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PhD Defence Huub de Beer

posted 3 May 2016, 05:18 by ICO Education   [ updated 3 May 2016, 05:19 ]
On Wednesday, May 11, 2016, at 16:00hours exactly, Huub de Beer (Eindhoven University of Technology) will defend his thesis entitled Exploring Instantaneous Speed in Grade Five: A Design Research. All ICO Members are cordially invited to be present at PhD graduation ceremony at the TU/e campus, Auditorium collegezaal 4.

1st promotor: prof.dr. K.P.E. Gravemeijer
2nd promotor: prof.dr. B. E. U. Pepin
Co-promotor: dr. M.W. van Eijck

In answer to the call for innovative primary school STEM education to better prepare our children for participation in the information society, a design research project was started to explore how to teach instantaneous speed in the 5th grade. For the interpretation, representation, and manipulation of dynamic phenomena are becoming key activities in the information society, and the topic of instantaneous rate of change is firmly rooted in the realm of STEM. However, the standard approach of teaching instantaneous speed is based on taking the limit over an infinitesimal small time interval—an approach that is not feasible for primary-school students. The aim of the design research project, therefore, was to circumvent the difficult limit concept. The design research methodology, which is an interventionist process of iterative refinement that takes every-day classroom practice into account, was used to develop both a prototype of an innovative, inquiry-based, and ICT-rich instructional sequence on instantaneous speed, together with a local instruction theory (LIT) on how this prototype works in terms of theories about the students' learning processes and the means of supporting that process.

This design research project was started by formulating an initial LIT, which was elaborated, adapted, and refined in three design experiments—most of which took place in classrooms with gifted students. Each design experiment ended with a systematic analysis of the data to ascertain (1) what happened during the teaching experiments, and (2) why that happened. The results of the retrospective analysis were used to refine the LIT, which then acted as the starting point for the next design experiment. Given the theory-driven nature of design research, special attention had to be paid to the origin and development of the theoretical claims made in the LIT. In each design experiment, conjectures about the learning process and the means to support that learning process are substantiated in the instructional activities and materials that are developed, tried out, adapted, and refined in micro-design cycles during the teaching experiment phase of the design experiment.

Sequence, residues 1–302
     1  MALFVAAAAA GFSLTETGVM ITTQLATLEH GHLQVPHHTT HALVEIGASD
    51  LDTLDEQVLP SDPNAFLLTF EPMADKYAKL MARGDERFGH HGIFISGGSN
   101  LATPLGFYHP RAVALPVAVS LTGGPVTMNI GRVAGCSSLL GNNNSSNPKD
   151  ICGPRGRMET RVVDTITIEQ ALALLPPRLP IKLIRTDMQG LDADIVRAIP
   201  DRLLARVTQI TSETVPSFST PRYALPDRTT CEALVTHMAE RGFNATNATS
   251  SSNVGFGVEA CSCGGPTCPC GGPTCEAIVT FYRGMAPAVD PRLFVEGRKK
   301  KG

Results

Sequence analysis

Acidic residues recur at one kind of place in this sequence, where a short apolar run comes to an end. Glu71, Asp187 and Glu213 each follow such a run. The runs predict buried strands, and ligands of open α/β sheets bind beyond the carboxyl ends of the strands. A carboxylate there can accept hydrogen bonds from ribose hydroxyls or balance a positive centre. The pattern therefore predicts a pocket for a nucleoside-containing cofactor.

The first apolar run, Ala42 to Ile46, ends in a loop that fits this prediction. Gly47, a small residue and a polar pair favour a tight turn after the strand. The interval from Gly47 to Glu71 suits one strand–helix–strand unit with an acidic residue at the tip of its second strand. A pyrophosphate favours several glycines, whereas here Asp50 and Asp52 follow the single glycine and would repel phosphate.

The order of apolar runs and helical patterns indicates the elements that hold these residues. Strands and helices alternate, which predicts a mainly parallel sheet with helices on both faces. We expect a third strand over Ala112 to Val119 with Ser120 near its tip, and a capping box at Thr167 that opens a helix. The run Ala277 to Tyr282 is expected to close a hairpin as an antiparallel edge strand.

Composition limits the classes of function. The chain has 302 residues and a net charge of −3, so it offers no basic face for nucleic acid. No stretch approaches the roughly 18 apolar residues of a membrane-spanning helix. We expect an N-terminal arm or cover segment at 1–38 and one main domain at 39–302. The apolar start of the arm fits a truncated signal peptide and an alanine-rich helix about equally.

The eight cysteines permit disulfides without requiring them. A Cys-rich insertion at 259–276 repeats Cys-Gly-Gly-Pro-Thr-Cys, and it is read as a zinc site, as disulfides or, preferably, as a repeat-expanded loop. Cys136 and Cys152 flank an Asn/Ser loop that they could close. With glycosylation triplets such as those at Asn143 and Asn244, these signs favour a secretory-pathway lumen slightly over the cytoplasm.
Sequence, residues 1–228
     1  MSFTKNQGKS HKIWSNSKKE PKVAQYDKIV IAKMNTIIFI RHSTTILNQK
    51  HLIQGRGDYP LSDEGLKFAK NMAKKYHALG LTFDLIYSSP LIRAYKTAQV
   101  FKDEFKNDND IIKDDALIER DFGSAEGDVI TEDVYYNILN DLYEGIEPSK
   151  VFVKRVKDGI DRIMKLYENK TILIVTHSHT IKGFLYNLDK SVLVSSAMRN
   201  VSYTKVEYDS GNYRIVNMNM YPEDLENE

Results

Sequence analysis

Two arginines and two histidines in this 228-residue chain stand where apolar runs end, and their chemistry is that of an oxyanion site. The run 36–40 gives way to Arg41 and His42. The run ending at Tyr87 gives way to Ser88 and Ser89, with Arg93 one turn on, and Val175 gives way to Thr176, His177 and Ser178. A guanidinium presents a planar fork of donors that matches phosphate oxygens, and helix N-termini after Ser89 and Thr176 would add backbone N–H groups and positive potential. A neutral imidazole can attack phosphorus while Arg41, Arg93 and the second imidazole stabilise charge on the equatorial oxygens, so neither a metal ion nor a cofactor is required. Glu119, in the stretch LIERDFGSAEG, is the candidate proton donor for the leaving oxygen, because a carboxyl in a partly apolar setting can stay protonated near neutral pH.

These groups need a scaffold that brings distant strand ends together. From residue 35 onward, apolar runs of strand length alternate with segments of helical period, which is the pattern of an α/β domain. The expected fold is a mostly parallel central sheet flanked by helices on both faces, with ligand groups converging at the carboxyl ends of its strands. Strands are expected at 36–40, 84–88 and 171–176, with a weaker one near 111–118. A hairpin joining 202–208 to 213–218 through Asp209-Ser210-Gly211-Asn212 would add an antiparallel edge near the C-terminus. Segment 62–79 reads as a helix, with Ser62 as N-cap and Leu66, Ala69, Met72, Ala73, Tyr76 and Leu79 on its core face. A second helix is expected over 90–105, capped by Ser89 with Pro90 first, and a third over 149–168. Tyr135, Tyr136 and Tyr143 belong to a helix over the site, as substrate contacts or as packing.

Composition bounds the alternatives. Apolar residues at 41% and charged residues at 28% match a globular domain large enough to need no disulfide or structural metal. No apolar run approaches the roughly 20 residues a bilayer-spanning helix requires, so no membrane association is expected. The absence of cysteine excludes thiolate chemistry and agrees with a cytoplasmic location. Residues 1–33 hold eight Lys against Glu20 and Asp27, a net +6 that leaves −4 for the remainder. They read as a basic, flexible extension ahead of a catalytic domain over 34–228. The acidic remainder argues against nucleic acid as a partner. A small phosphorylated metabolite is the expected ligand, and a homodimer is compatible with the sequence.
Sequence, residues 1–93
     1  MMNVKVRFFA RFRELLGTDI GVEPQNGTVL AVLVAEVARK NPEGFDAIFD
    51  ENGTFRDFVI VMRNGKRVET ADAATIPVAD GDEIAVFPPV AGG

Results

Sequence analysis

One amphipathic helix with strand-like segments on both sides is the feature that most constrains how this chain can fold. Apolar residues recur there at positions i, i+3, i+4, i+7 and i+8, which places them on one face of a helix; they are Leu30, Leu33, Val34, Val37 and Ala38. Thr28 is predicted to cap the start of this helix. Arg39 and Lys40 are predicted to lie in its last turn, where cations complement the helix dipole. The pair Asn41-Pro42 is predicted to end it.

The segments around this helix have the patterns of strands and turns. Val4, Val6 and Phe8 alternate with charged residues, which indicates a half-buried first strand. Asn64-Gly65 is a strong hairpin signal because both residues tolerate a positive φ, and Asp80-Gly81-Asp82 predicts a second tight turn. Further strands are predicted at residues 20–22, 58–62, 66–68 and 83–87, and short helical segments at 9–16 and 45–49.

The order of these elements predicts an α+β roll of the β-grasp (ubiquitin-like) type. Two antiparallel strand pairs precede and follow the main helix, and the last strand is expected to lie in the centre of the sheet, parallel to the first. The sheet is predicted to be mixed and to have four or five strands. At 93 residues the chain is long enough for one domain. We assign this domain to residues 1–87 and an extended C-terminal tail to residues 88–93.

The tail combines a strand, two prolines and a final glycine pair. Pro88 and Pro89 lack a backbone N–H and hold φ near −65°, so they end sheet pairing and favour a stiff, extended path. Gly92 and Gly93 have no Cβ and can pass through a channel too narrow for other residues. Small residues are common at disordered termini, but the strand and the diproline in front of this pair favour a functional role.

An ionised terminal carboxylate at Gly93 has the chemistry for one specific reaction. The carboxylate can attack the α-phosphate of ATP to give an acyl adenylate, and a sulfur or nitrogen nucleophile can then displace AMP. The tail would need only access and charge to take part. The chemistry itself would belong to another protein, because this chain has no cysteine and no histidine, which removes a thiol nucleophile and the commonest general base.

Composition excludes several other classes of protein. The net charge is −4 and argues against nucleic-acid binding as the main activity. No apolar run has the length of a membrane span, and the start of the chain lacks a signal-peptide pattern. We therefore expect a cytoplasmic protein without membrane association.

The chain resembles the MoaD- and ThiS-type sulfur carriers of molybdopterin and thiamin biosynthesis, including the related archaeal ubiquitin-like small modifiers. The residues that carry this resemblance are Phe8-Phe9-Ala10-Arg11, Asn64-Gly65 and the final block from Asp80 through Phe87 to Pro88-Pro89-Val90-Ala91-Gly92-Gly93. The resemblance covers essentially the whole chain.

Conjectures that are confirmed by the students' actual learning process remain part of the design and are tried and refined again in the next design experiment. As a result, conjectures are confirmed or rejected in multiple different situations, offering a form of triangulation. In addition to this, new explanatory conjectures are generated through abductive reasoning complemented by a systematic analysis of the data. From this process emerged a proposed LIT, which builds on the finding that the students have an intuitive understanding of instantaneous speed.

The LIT assumes that fifth-grade students are familiar with the context of filling glassware with water, and starts with the task to model the speed with which a cocktail glass fill ups. Via a process of repeated modeling and refinement, in which they improve their model, the students are expected to develop two models of the changing water height, a discrete bar graph and a segmented-line graph. When scrutinizing the segmented-line graph, they will realize that the segmented-line graph does not fit their intuitive understanding of a constantly changing (instantaneous) speed, and reason that a continuous graph better represents the process of filling a cocktail glass.

That conception is then deepened qualitatively and quantitatively by comparing the speed at a given point in the cocktail glass with the constant speed in a cylindrical highball glass with a corresponding width. Supported by a computer simulation, students are enabled to construe an imaginary highball glass as a tool for determining the instantaneous speed at a given point in the cocktail glass. Next, this conception is extended to graphs by linking the linear graph of the highball glass with the tangent line at a corresponding point of the cocktail glass’ curve. This understanding of instantaneous speed in terms of graphs and tangent-lines may be expanded into a more generalized, quantitative understanding of instantaneous speed.